|Número de publicación||US3932971 A|
|Tipo de publicación||Concesión|
|Número de solicitud||US 05/361,989|
|Fecha de publicación||20 Ene 1976|
|Fecha de presentación||21 May 1973|
|Fecha de prioridad||21 May 1973|
|También publicado como||US4065894|
|Número de publicación||05361989, 361989, US 3932971 A, US 3932971A, US-A-3932971, US3932971 A, US3932971A|
|Inventores||Ralph K. Day|
|Cesionario original||Day Ralph K|
|Exportar cita||BiBTeX, EndNote, RefMan|
|Citas de patentes (17), Citada por (26), Clasificaciones (14), Eventos legales (1)|
|Enlaces externos: USPTO, Cesión de USPTO, Espacenet|
The use of double panes of glass and even triple panes of glass in order to provide insulation against heat and noise is well known. Such windows comprise two or more parallel panes of glass, usually mounted in an elastomeric material such as rubber, for example. That is to say, a strip of rubber material is disposed between the panes of glass at their edges, the rubber on the outside of said edges and below said edges. Means for compressing the rubber so as to seal the glass panes therein and prevent air from leaking into or out of the space between the panes is also provided.
In principal, the idea is extremely simple, however in order to be effective as an insulating device, it is necessary that the dead air space between the panes of glass is effectively sealed. Not only is the insulating value of such windows dependent upon the maintenance of the tight seal, but in addition, visibility also depends upon it. For if moisture condenses on the inner surface of the glass, or if a film of grease or dirt accumulates thereon, visibility will obviously be adversely affected if not altogether destroyed. And since it is often impractical to clean the surfaces, it is clear than an effective type seal is vital.
A number of attempts have been made from time to time to provide a satisfactory solution to the problem. These have in general involved the use of rubber sealing strips such as gaskets, with various means for compressing the gaskets against the panes. Experience, however, shows that such methods of this type as are presently known cannot provide sufficiently uniform pressure to provide an effective airtight seal.
In the case of a relatively loose storm window of the conventional type, some reduction in heat loss is achieved. There is no significant problem of condensation of moisture in such a case, because there is so much circulation between the ambient air and the space between the panes that no significant difference in humidity can exist for an extended period of time. However, the dirt problem is very severe, because of the entry of such large volumes of air causes a rapid deposition of a film of grease or dirt on the inner surfaces of the panes. At the end of a year or so, cleaning becomes imperative. If this is a physical impossibility, or substantially so, as in many cases for example in office buildings, or in non-slidable "picture windows," the results are extremely unsatisfactory. In such cases in fact, conventional storm windows really cannot be used; multipane insulating windows are required.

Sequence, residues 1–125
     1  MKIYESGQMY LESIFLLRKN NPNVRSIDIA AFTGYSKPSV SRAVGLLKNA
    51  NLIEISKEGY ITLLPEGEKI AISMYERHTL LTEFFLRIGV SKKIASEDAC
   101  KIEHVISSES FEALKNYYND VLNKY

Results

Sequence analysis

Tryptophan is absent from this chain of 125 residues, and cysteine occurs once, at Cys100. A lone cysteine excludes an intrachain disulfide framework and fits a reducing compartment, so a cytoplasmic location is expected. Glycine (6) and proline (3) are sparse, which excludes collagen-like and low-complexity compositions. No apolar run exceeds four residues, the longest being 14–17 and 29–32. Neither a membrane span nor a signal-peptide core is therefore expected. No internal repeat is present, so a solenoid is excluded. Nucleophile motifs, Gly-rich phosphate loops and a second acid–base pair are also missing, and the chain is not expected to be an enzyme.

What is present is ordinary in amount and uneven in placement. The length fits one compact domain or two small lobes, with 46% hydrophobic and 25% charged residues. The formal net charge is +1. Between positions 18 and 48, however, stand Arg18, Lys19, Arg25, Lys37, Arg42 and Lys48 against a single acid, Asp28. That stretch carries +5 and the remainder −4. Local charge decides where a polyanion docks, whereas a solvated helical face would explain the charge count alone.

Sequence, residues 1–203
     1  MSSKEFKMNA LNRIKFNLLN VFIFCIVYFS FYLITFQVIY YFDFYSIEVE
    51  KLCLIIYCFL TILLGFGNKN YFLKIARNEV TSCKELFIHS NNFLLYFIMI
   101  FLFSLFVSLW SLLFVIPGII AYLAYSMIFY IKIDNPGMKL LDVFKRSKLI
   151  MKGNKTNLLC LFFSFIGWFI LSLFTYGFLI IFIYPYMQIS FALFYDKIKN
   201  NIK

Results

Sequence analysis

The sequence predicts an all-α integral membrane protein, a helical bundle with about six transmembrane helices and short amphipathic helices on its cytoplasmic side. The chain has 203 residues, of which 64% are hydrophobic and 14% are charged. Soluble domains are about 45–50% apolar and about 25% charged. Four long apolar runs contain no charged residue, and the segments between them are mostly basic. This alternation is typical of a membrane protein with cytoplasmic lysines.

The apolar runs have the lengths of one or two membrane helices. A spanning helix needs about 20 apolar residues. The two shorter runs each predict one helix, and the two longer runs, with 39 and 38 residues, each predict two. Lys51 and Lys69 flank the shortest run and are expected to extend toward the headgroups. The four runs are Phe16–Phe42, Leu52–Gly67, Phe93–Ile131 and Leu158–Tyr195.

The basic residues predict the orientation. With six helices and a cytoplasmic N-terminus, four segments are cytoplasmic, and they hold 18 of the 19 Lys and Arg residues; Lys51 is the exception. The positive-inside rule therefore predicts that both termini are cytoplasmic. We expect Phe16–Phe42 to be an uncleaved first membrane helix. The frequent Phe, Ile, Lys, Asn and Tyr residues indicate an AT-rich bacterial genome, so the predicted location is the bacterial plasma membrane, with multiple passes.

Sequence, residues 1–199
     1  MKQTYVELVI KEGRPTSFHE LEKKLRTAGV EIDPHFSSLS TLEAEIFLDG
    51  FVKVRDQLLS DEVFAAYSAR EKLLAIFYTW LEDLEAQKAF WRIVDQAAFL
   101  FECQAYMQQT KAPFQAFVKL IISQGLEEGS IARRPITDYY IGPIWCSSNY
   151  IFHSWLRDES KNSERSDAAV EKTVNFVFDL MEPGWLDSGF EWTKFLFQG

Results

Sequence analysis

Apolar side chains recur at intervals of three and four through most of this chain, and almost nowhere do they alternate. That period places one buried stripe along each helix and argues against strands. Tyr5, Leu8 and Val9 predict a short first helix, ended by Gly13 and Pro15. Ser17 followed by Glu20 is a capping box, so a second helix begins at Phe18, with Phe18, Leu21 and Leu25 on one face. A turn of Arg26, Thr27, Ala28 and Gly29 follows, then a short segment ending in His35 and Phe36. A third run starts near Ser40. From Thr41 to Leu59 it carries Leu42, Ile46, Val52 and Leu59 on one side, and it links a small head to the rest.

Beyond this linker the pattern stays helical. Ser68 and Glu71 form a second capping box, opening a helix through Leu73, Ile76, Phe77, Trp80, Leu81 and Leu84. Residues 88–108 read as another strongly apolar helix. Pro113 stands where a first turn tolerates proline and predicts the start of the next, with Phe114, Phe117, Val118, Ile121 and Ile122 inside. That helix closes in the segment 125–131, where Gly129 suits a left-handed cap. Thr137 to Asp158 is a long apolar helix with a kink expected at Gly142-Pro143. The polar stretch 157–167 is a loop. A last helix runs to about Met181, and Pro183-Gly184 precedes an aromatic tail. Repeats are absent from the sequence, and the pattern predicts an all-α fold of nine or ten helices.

The use of a conventional rubber sealing strip in the normal way, that is, without special efforts to achieve uniform compression, substantially reduces the circulation between the ambient air and the space between the panes. One result is thus that the insulating effectiveness may reach a reasonably good level. Another is that the dirt may take roughly twice as long to accumulate between the panes; however, when it accumulates, the situation is just as unsatisfactory as the case of an ordinary storm window. In other respects, the situation may readily become intolerable, that is condensation of moisture between the panes. If humid air gets into the space between the panes, and the ambient temperature drops, condensation of moisture occurs between the panes and, since the circulation between the ambient air and the space between the panes is slow, the window may remain "fogged" for very substantial periods of time. Thus, in order to decrease the dirt problem, one finds that one has introduced condensation problems. All in all, therefore, one has not achieved a solution to the problem of maintaining good visibility conditions.
The next step in the evolution of insulating windows has been the introduction of factory sealed windows. These are the first true insulating windows. The space between the panes is truly evacuated and the insulating quality thereof is high. The dirt and condensation problem is minimized but still exists. The difficulties with these windows are the extremely high first cost, high insurance cost, and expense and difficulty of repair of replacement. The fact that factory fabricated insulating windows can be purchased only in certain specific standard sizes also places limitations in design, especially when curved windows are involved.
The fact that such expensive solutions have nevertheless found very substantial commercial success clearly indicates that the problem itself, that is obtaining good insulating quality without visibility impairment, is a pressing problem and a problem of great commercial importance, and one for which no obvious answer exists.